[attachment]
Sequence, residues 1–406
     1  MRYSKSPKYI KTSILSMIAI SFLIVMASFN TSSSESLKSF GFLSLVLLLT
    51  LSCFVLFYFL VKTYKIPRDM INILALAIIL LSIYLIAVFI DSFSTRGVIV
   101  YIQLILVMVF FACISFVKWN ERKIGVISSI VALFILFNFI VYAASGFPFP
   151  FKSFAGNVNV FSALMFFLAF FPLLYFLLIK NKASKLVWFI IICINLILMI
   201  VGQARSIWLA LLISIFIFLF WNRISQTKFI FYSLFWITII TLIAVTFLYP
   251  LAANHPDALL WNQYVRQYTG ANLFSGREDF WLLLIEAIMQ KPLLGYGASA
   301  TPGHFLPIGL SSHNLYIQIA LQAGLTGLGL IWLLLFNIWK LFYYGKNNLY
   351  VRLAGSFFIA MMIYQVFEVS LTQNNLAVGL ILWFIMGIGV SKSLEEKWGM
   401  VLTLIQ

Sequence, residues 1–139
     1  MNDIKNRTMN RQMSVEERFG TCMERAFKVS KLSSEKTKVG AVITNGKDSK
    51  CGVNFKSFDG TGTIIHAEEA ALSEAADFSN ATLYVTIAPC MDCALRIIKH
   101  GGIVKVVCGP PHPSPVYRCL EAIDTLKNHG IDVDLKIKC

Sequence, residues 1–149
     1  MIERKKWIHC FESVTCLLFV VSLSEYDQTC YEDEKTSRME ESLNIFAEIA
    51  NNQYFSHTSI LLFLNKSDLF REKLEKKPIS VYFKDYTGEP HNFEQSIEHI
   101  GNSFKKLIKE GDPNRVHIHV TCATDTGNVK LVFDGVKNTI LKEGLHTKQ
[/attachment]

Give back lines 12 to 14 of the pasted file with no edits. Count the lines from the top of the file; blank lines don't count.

     1  MNDIKNRTMN RQMSVEERFG TCMERAFKVS KLSSEKTKVG AVITNGKDSK
    51  CGVNFKSFDG TGTIIHAEEA ALSEAADFSN ATLYVTIAPC MDCALRIIKH
   101  GGIVKVVCGP PHPSPVYRCL EAIDTLKNHG IDVDLKIKC